The Land Ordinance of 1785 determined how the Ohio country territory would be divided. It was subsequent to the Land Ordinance of 1784, which called for the land to be divided into several different states, but did not address how the divisions should be made.
The land area that was the subject of the Land Ordinance of 1785 occupies parts of what are now known as the states of New York, Pennsylvania, Ohio, Indiana, Illinois, Tennessee, Kentucky, Alabama, Georgia, North Carolina, Virginia and West Virginia. The land was acquired following the Revolutionary War as part of the Treaty of Paris. At the time, however, the region was primarily occupied by Native Americans as well as former colonists who had contracted segments of the land from the King of England.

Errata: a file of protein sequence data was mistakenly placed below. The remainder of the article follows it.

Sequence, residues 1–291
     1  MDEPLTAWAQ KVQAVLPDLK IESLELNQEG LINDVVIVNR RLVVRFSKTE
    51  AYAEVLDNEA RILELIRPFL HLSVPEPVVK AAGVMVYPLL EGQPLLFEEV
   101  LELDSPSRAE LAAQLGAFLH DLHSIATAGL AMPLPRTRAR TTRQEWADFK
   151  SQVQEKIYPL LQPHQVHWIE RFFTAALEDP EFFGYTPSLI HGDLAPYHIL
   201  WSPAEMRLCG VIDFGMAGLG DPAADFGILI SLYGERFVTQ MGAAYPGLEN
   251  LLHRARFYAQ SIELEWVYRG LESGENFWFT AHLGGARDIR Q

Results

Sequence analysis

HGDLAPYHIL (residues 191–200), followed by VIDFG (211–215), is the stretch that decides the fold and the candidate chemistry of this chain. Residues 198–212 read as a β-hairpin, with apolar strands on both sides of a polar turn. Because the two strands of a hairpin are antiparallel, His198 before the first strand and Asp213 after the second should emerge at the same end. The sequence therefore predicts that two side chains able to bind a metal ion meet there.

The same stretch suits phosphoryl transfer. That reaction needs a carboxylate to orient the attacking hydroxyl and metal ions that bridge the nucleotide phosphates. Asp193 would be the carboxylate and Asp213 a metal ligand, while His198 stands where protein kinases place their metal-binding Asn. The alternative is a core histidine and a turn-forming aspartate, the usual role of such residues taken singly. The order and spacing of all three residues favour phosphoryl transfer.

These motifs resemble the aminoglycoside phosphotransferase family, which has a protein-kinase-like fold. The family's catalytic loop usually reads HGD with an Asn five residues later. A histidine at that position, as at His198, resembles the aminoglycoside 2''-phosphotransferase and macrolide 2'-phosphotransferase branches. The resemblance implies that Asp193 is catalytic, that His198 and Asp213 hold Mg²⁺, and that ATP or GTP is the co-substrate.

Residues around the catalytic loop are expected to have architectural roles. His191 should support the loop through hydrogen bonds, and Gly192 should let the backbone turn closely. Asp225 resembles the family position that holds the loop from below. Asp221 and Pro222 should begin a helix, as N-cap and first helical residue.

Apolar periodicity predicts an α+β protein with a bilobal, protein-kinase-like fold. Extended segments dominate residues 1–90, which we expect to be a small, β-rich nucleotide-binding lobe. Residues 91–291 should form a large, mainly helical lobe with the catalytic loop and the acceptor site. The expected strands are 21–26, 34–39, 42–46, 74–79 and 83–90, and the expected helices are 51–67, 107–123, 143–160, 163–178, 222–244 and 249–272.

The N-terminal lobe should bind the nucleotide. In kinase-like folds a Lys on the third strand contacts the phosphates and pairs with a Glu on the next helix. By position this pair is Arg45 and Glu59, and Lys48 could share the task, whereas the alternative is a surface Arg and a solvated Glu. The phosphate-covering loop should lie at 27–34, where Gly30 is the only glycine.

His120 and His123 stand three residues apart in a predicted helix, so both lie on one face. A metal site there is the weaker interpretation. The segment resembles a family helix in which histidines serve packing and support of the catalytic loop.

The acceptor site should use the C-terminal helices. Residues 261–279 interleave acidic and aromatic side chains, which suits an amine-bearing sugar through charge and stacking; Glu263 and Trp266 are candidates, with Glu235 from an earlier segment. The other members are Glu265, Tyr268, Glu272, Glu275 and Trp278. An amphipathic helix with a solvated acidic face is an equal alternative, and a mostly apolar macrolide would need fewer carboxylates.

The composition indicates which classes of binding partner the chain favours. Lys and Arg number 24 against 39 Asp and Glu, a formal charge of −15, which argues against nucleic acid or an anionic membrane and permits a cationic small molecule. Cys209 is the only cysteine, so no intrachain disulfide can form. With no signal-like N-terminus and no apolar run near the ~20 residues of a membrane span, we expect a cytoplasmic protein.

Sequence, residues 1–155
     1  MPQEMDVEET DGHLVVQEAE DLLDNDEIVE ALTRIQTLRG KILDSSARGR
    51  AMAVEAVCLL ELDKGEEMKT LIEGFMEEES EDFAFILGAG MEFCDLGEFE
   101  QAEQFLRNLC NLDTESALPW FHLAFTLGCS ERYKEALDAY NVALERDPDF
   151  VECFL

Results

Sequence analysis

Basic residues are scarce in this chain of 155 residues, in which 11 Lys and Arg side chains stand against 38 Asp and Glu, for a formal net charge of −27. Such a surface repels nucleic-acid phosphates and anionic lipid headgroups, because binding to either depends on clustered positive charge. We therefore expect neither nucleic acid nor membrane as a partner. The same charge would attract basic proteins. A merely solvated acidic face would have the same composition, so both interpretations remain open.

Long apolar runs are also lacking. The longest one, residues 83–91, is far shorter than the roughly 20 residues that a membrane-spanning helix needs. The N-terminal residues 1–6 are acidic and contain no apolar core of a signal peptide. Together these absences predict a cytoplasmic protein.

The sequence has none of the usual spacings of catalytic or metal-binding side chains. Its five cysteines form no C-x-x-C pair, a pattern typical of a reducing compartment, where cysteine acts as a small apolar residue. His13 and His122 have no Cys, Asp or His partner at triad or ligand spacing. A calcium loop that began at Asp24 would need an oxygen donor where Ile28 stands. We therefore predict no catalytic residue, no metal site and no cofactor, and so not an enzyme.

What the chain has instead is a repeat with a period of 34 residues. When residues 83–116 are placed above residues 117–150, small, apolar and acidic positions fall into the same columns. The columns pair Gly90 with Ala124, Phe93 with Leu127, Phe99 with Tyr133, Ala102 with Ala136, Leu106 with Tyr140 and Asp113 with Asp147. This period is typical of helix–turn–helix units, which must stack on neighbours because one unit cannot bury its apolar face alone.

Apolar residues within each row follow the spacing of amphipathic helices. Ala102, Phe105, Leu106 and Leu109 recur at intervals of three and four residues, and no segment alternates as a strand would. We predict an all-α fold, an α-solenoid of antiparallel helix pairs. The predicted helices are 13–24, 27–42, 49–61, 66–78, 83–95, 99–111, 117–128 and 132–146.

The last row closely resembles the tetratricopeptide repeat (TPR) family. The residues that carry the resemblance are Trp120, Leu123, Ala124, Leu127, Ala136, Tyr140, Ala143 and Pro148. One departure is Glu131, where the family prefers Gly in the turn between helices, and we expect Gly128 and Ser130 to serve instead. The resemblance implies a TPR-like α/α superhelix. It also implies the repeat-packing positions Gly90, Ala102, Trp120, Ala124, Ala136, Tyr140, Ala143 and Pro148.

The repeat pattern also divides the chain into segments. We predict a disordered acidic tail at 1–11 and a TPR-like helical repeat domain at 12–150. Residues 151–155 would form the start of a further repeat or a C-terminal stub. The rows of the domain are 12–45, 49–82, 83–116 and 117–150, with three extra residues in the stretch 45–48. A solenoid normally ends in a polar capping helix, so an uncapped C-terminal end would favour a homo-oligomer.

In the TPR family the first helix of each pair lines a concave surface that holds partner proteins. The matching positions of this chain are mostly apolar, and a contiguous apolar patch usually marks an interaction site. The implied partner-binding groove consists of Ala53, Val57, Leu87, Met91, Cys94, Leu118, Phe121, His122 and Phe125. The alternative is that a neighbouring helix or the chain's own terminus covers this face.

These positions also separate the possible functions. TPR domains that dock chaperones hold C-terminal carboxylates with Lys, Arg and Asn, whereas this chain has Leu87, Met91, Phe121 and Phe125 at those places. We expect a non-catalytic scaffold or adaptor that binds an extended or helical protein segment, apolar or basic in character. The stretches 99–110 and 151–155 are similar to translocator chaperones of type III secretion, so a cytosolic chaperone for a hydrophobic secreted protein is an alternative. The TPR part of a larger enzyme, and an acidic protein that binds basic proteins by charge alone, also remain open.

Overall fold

The Land Ordinance of 1785 divided the land into 36-square-mile plots with townships at their centers. The plots were then further subdivided into 1-mile-square plots that were sold for $1 per acre, but only after Revolutionary War veterans were given land set aside exclusively for them in exchange for their services during the war. The federal government also allocated plots for the purpose of building government institutions, such as schools and government buildings.